In the fourth grade I spent my lunch and recess in the “special needs” classroom playing with the disabled students, who apparently were not worthy of a recess outside in the fresh air?!?
David, autistic, beautiful, smart, funny David.
Teachers put a rubber band around his tiny wrist, it’s purpose was to get his attention by snapping it, stinging him inside and out. I hated those teachers. David was in his own world, a better world where people could not hurt him with rubber bands or stupid words. He never visited our world but I didn’t care, I played with him anyway. I honestly did not care that he paid me no attention, I wanted to go to his world with him.
Every day for the entire year I played with David and when the teachers used the rubber band to get him to move, or eat something, or get up and pee I screamed on the inside “LEAVE HIM ALONE! SNAP ME WITH A RUBBER BAND, I WILL REACT, I’LL PUNCH YOU THAT’S WHAT I’LL DO!”
The last day of school David’s parents came to visit. David payed as much attention to them as he paid to his teachers which is to say none. Of course it seemed to me that their attention was all about fixing David, constantly fixing him because they only saw him as broken. It seemed to me.
I took to the floor spinning various objects with him as usual and enjoying myself throughly. I turned and looked at David knowing this would be our last day together and it made me immeasurably sad.
I said “David, can I come and play with you, for real I mean, can I come to your world?”
Much to my surprise David stopped spinning and looked up at me. He took his hand with the red and raw rubber banded wrist and for no more than one or two seconds he placed his hand on mine and he smiled.
I just remember his parents and the teachers staring in disbelief for what seemed to my self concious child mind an eternity. I remember someone saying what a monumental moment it was, that David had paid attention to THEM. What this meant to their plans for making him un-broken and what the next step was going to be in their quest to fix him.
It didn’t matter to me that I was a child myself, I knew they were mistaken. He did not visit their world, he let me visit his and I am eternally grateful for the gift of what I saw there.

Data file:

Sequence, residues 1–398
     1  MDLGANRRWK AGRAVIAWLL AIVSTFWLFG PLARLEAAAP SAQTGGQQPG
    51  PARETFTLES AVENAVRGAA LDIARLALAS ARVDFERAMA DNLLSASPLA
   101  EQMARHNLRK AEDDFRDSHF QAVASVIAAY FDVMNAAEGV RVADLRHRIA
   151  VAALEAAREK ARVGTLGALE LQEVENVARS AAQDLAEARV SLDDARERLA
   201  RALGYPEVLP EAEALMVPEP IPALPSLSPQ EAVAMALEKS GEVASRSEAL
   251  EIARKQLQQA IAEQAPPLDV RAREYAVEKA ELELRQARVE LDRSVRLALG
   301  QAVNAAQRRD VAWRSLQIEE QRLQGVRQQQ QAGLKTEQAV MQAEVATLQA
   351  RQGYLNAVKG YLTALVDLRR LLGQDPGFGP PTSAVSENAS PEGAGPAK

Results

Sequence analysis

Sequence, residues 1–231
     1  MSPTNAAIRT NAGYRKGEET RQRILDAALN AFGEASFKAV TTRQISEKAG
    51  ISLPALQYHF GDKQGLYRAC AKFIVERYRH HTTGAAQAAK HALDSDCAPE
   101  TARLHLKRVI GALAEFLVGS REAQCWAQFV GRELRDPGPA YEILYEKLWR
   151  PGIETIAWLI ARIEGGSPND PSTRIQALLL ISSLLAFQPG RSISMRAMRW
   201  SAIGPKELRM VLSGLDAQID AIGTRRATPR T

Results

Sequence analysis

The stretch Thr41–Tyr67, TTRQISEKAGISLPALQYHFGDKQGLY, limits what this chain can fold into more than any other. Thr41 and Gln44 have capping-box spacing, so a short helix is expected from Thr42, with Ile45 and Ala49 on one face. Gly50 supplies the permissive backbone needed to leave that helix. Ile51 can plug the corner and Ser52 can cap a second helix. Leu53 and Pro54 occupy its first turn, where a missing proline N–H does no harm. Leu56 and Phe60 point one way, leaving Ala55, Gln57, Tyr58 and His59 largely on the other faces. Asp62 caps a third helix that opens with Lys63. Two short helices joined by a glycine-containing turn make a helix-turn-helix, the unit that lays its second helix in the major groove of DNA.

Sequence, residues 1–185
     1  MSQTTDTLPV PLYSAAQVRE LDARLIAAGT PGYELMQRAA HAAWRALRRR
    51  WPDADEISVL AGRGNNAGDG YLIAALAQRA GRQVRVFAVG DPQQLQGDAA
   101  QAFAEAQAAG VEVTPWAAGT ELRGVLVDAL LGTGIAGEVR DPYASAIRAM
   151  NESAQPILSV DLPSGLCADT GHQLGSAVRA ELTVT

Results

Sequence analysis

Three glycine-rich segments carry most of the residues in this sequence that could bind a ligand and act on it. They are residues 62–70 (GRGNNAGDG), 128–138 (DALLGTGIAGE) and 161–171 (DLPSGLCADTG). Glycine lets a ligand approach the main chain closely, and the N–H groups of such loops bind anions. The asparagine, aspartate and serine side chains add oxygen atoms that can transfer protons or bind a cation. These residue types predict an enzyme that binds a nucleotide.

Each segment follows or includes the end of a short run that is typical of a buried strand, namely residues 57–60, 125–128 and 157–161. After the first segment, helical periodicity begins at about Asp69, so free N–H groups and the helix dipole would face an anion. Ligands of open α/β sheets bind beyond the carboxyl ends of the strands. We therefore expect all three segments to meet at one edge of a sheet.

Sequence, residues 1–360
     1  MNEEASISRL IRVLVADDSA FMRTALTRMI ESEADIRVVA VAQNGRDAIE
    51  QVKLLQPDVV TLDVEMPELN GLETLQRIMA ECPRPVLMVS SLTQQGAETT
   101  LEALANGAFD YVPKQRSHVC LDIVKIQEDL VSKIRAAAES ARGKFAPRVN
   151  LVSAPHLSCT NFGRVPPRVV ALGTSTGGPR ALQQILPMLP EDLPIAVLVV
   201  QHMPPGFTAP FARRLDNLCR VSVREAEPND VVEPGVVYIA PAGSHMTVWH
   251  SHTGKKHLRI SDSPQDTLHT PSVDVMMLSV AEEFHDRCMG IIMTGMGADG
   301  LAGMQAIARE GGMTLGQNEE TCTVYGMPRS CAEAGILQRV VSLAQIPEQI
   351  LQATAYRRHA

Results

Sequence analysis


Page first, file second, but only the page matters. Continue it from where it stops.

David changed my life. He encouraged me to continue my education in being in the world of the disabled. I went on to work at a community home for the disabled and later in the intensive care unit at an institution for the severely diabled. I have stories. I have stories that would make your hair stand on end and stories that would make you laugh out loud.
Jenna, beautiful flaming red hair. Bright blue eyes. Jenna could not move, nor could she speak but Jenna could laugh better then anybody I have ever known. Jenna’s parents came to visit her once a month. ONCE A FREAKING MONTH. It was always the same thing, come in, sit down, cry. Cry some more. Cry even more. Kiss her goodbye and leave. Every time they came Jenna was elated but by the time they left Jenna’s eyes weren’t bright anymore. I sat and brushed her beautiful hair until her laughter came back. Jenna changed my life too.
The psychologists used to come to the community homes and make their rounds in speedy know-it-all fashion, telling us how to “contain the clients” if they became agressive. How to get them to DO what we wished. Marlene chose these visits to show her spunky side, giving them plenty of opportunity to demonstrate their wise-ness. They observed and wrote furiously until their pencil leads broke and they left, feeling oh so brilliant.
Marlene and I high fived each other before they even had the car doors closed. Messing with the psychologists, her favorite passtime. Those professionals never asked me to provide them with input. I guess basically living with the clients (as they called them, I call them my friends) still did not qualify me to participate. Case files replaced human beings somewhere along the line. Marlene changed my life too.
Timmy was a runner. That boy loved to run. There was a lock on the front door way up high so he couldn’t reach it. I guess they thought he was stupid or something. Timmy waited until we were busy bathing and dragged a chair to the door, unlocked it and ran like the wind. The alarm went off and we went running too. I can’t run as fast as Timmy!!!
It JUST so happened that there had been a robbery down the road so the neighborhood was swarmed with police and even a helicopter circling above. The helicopter spotted Timmy running and well, assumed he was their man.
STOP!!!! they shouted with their bullhorn, sirens, police swarming, us screaming NOOOOO DONT HURT HIM HE IS NOT DANGEROUS!!!!!!!!!
Running through the men in blue fearing for Timmys life, that’s what we were doing.
He made his way into some guys garage and started rolling tires down the driveway at the police. The biker who lived there came out ready to roll something other than tires. Biker freaking, police shouting, sirens blaring, helicopter circling………………………Timmy laughing.
Ahhhhhhh good times!!!!!
It all turned out OK, we were able to convince the police the error of their ways and calm down biker guy. Timmy was safe and sound back at home shortly there after. Nobody underestimated how smart he was after that. Timmy changed my life too.
There are a million more fabulous stories and unbelievably sad stories in my memory. Each story is a piece of my soul and each amazing disabled person I have had the pleasure of knowing has made me realize where the bulk of society’s disabled people truly live. It most certainly is not with the people I have known. Their disabilities were minor compared to the disabilities of the bone heads they were surrounded by.
I like the idea of Disablism Day very much indeed.